Isolation of Newcastle Disease Virus Genotype VII from Native Chicken in Republic Democratic of Timor-Leste
Keywords:cleavage site, fusion protein, HN protein, NDV, Timor-Leste
Newcastle disease (ND) is a contagious disease and still a threat to the development of chicken farms in several countries including the Republic Democratic of Timor-Leste. There were reported local outbreaks every year in the country. The causative agent of ND is Avian orthoavulavirus-1 (AOAV-1) common name Newcastle disease virus (NDV). The objective of this study was to isolate the NDV currently circulating in Timor-Leste and to determine its genotype based on phylogenetic tree analysis and its virulence based on molecular analysis of the Fusion (F) gene cleavage site. In this study samples of dead chickens suspected due to ND were taken from two different sites in Timor-Leste namely Kilotons and Atabae district. Tissue samples were collected for histopathological examination and viral isolation. Allantoic fluids were harvested and confirmation of NDV was carried out by standard methods hemagglutination test (HA) and the hemagglutination inhibition test (HI). Partial fragments of the F and HN proteins gene were amplified using NDV-specific primers in a one-step RT-PCR reaction. The PCR product was then sequenced, and the nucleotide sequences were then used for building a phylogenetic tree with other NDV strains representative of genotype I-VII that are available in the GenBank. Based on phylogenetic analysis it was found that the new isolates belonging to genotype VII with the amino acid sequence of the F gene cleavage site were a virulent type and possibly viscerotropic velogenic NDV.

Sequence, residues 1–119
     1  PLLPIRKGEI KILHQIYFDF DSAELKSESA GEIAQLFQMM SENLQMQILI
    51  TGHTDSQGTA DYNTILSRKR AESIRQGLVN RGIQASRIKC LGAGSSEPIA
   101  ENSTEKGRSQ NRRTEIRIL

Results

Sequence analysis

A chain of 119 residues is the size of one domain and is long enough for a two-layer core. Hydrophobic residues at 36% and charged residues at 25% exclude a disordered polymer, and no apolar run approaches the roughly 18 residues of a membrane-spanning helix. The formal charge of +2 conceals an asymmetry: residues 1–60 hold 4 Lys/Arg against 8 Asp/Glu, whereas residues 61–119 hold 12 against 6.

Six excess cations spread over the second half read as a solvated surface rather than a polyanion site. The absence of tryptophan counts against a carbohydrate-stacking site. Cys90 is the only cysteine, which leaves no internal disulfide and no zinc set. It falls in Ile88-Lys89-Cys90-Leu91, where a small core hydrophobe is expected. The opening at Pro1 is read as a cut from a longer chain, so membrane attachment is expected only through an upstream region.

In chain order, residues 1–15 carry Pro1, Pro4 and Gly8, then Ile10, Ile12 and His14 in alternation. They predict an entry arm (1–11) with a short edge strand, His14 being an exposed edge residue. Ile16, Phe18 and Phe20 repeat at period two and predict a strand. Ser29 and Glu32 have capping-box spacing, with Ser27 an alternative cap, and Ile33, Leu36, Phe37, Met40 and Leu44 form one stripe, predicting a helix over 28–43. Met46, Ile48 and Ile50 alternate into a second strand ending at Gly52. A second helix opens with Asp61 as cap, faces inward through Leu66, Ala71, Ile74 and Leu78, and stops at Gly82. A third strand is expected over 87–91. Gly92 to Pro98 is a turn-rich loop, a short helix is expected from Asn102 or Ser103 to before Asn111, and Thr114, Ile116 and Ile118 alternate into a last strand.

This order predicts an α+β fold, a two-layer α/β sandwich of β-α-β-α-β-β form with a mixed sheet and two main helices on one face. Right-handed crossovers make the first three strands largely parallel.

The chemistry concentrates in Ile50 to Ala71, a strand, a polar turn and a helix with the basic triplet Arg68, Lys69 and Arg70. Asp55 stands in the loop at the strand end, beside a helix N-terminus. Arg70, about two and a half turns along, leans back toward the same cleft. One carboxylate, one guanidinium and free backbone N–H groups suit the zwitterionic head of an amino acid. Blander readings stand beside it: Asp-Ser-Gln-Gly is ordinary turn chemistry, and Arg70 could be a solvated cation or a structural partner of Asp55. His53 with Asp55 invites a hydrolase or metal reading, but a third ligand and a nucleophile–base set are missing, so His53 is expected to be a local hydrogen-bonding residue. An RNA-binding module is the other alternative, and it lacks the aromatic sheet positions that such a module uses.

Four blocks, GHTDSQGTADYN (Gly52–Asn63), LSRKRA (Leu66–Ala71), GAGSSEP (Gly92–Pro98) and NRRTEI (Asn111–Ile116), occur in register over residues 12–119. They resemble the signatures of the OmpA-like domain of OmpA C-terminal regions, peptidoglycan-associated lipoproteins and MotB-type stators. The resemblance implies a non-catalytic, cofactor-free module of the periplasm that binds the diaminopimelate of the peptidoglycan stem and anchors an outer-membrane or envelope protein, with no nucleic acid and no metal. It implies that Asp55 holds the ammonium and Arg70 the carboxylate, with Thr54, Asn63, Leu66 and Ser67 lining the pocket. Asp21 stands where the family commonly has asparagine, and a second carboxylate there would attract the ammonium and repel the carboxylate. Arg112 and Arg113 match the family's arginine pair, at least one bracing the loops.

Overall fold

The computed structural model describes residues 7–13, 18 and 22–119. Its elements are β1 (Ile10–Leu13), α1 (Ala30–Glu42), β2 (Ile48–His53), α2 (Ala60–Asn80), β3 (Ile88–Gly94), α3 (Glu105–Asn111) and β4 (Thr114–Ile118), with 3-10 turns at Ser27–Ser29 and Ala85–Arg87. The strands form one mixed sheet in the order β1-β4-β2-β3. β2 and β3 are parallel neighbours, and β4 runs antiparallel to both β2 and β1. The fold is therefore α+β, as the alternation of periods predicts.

How to Cite
Copyright (c) 2022 Journal of Advanced Veterinary Research
This work is licensed under a Creative Commons Attribution-NonCommercial-NoDerivatives 4.0 International License.
Users have the right to read, download, copy, distribute, print, search, or link to the full texts of articles under the following conditions: Creative Commons Attribution-NonCommercial-NoDerivatives 4.0 International (CC BY-NC-ND 4.0).
This work is licensed under a Creative Commons Attribution-NonCommercial-NoDerivatives 4.0 International (CC BY-NC-ND 4.0) license